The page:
“Modeling demonstrates that if CO2 continues to be released on current trends, ocean average pH will reach 7.8 by the end of this century, corresponding to 0.5 units below the pre-industrial level, a pH level that has not been experienced for several millions of years. A change of 0.5 units might not sound as a very big change, but the pH scale is logarithmic meaning that such a change is equivalent to a three-fold increase in H+ concentration. All this is happening at a speed 100 times greater than has ever been observed during the geological past. Several marine species, communities and ecosystems might not have the time to acclimate or adapt to these fast changes in ocean chemistry.”

Figures 5 and 6 show changes much larger than EPOCA have forecast occur on both a monthly basis and on a seasonal basis. These changes occur near existing reefs as well as in other parts of the ocean. Joint, et al., 2011, have concluded:

“However, it is important to place these changes within the context of pH in the present-day ocean, which is not constant; it varies systematically with season, depth and along productivity gradients. Yet this natural variability in pH has rarely been considered in assessments of the effect of ocean acidification on marine microbes. Surface pH can change as a consequence of microbial utilization and production of carbon dioxide, and to a lesser extent other microbially mediated processes such as nitrification. Useful comparisons can be made with microbes in other aquatic environments that readily accommodate very large and rapid pH change. For example, in many freshwater lakes, pH changes that are orders of magnitude greater than those projected for the twenty-second century oceans can occur over periods of hours. Marine and freshwater assemblages have always experienced variable pH conditions.”

Georgiou, et al. found that the growth rates of the coral nubbins (coral seedlings) in the CO2 flumes, the control flumes, and in the surrounding area were very similar. More importantly, the density of the low pH FOCE corals was within 3% of the control corals. Thus, the corals were able to grow at normal rates, even when the ambient pH was low (ΔpH = -0.25).

There are many unknowns about how reefs will react to higher CO2 concentrations in sea water and to higher temperatures. It is also apparent from the study that different species of corals will react differently. However, nearly all of the reef-building Scleractinia coral species alive today survived the “PETM” or the Paleocene-Eocene Thermal Maximum, 50 million years ago, when global temperatures were 9°C warmer than today (Paleomap Project) and the atmospheric CO2 was twice what it is today (Black Hills Institute). A temperature history of the Phanerozoic can be seen in figure 7 here. The Scleractinia Coral family tree is shown in figure 7.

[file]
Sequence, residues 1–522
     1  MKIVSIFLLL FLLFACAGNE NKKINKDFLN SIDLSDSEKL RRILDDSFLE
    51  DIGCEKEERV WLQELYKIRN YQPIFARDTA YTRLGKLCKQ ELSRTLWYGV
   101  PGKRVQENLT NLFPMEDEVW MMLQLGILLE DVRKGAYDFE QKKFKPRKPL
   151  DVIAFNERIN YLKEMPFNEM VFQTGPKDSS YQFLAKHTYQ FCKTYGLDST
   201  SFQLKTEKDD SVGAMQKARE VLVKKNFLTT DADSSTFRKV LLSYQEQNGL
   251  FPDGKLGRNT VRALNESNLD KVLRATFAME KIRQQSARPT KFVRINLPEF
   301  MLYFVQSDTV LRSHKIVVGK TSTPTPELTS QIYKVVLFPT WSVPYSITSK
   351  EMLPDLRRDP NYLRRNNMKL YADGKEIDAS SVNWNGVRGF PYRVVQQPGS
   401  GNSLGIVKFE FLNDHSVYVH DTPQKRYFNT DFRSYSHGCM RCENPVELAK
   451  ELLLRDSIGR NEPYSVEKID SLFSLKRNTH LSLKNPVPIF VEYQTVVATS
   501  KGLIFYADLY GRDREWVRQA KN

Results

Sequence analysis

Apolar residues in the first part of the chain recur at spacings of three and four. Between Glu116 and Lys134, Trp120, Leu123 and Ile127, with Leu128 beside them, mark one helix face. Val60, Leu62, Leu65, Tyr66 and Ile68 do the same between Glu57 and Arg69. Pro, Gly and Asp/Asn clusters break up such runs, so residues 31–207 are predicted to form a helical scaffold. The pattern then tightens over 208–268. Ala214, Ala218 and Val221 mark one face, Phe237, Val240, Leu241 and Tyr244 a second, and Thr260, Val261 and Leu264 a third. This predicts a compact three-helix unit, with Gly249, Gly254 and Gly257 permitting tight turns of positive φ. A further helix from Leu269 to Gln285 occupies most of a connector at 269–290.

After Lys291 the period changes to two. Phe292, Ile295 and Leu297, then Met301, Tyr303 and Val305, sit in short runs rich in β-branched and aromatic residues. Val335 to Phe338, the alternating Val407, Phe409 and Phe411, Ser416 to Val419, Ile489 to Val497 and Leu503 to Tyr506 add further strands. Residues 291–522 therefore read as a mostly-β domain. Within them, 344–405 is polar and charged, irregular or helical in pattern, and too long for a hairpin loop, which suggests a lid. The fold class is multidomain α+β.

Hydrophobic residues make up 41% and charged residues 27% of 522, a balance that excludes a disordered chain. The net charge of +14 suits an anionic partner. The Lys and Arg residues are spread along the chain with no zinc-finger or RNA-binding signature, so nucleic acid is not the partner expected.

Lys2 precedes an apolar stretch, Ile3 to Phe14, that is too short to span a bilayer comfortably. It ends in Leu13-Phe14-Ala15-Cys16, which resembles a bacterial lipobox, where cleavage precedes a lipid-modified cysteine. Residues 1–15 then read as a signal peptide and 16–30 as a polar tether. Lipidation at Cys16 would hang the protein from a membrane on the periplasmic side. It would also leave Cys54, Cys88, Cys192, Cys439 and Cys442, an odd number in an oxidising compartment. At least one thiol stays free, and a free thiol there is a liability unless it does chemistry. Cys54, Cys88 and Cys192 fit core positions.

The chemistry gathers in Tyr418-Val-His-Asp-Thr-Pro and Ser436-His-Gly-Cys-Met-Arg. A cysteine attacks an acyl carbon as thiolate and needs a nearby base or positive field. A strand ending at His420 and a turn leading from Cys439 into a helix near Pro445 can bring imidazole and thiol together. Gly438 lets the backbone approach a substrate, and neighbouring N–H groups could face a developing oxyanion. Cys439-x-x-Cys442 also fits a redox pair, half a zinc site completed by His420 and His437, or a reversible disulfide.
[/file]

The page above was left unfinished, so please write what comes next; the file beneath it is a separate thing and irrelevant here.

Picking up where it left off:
Figure 7: The dominant reef building animal today is the Scleractinian coral. The various types of Scleractinian corals are shown in the family tree. Many went extinct at the beginning of the Paleocene or Eocene, but with a few exceptions, if they survived the extinction event at the end of the Cretaceous and the cooling at the end of the PETM (Paleocene-Eocene Thermal Maximum) they still exist today. Source: AIMS.

Discussion and Conclusions

While the study performed by Georgiou, et al. only involves a small area near Heron Island on the Australian Great Barrier Reef and only a few species of corals, it does demonstrate that some corals actively modify their environment and grow in a lower pH environment. Further, the study highlights the diel and seasonal variability in pH in our oceans and shows it is greater than the modeled changes in pH ascribed to increasing atmospheric CO2 concentrations.

We do not contest the idea that additional CO2 in the atmosphere will lower ocean pH, this is easily demonstrated. We just see no evidence that this will affect marine life, as marine organisms have demonstrated an ability to tolerate rapid changes in ocean pH. They demonstrate this on a daily and seasonal basis. Further, existing species of reef-building Scleractinian corals have thrived in much higher temperatures and much higher carbon dioxide concentrations as (geologically) recently as 50 million years ago.

Like other aspects of the climate change scare, or really any environmental scare, someone finds something (anything) that changes due to man’s influence and assumes it changes for the worse. This assumption that change is bad, is proclaimed without checking the geological record to see if it has happened before. Or, in this case, without even checking to see if it happens today on a daily or seasonal basis.

We do not contest the idea that rapidly rising temperatures cause corals to undergo thermal stress, but this is temporary and corals do adapt with time, as discussed by Jim Steele here. The symbiotic algae that corals depend on for most of their food vary with depth, temperature, pH, and other factors. Laboratory experiments conducted in tanks remove corals from a source of alternative symbionts (algae) that will allow them to adapt, essentially freezing their environment. So, removed from their natural state, and their main adaptation mechanism, they are harmed by rapidly rising temperatures and changes in pH. Corals, in the ocean, have no problem with the same changes.

Further, reefs are composed of many different species and they each adapt to changes in pH and temperature (and other environmental factors) in different ways, but they do adapt. A very good discussion of the adaptability of corals, also by Jim Steele, can be found here. As Steele notes, most reef deaths are due to cold temperatures, not warm temperatures, a fact often ignored by NOAA and others with an agenda.